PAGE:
Zawistowski received no donation and denied any wrongdoing, but Cleveland.com reported that Zawistowski “felt jilted by past candidates seeking endorsements who failed to follow through on their promises, and the $1 million would leave him and others in his movement with something tangible.”
We the People Convention is not the only political organization Zawistowski is tied to. Though We the People Convention is not itself a PAC, several ostensibly unrelated PACs created or controlled by Zawistowski share, or have shared, a P.O. box with the Convention. These include the Ohio Citizens PAC and the Freedom for All PAC.
Where Does Money Donated to We the People Convention Go?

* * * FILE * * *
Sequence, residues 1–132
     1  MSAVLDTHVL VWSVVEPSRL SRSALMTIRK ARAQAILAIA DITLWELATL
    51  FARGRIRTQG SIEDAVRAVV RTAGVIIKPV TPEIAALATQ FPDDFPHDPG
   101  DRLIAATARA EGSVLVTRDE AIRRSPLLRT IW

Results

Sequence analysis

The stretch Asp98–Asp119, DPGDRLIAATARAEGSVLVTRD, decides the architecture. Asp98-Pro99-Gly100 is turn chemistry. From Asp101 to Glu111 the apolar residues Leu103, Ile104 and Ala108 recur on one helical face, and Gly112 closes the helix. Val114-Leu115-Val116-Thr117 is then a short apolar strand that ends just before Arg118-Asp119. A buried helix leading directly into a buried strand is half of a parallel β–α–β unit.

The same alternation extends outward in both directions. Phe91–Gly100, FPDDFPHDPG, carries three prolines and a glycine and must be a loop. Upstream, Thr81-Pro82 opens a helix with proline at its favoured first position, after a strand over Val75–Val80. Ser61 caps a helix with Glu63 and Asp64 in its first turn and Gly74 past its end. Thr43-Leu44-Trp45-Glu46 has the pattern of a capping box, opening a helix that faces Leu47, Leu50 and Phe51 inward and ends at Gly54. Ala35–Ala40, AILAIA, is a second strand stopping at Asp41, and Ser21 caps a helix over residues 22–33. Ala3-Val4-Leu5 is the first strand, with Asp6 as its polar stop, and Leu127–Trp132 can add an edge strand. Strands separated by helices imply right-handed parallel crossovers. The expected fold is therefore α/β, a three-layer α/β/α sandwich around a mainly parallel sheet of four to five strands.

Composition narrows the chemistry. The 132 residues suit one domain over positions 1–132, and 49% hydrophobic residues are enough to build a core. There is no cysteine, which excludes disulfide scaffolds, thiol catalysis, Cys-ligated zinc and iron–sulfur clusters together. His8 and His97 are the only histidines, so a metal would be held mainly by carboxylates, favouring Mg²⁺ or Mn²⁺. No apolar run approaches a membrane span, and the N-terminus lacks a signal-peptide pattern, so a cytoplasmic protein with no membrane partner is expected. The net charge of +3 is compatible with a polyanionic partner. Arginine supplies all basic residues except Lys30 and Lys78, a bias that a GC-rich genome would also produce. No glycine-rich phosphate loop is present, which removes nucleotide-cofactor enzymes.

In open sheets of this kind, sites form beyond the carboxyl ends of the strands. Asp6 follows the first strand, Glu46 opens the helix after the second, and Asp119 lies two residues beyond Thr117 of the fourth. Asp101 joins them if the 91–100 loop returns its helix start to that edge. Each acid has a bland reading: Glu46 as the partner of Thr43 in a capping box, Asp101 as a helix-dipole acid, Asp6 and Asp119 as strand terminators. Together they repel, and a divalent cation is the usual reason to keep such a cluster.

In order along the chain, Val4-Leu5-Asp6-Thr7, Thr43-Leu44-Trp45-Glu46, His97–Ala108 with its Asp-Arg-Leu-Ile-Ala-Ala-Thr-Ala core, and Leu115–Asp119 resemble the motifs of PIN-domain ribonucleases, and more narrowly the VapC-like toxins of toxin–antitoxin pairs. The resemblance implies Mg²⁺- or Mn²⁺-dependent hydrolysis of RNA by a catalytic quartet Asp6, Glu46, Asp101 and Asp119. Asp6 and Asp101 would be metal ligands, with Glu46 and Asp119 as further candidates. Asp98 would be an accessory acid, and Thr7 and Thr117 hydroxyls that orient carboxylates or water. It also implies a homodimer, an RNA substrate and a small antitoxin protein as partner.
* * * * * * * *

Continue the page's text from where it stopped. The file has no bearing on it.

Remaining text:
We the People Convention's website says donations support the aforementioned radio project and also “support the cost of our emails, websites, robo calls, social media marketing, printing costs, and our travel costs for going around the state and nation talking to Conservative Groups.” This is an incomplete description for at least two reasons. First, it neglects to mention that We the People Convention donated $15,000 to Zawistowski's own Freedom for All PAC in the most recent election cycle. Second, it neglects to mention that Zawistowski owns companies that may provide several of the aforementioned logistical services. Though we do not know whom We the People Convention pays for these logistical services, Zawistowski's PACs have paid his own company large sums of money.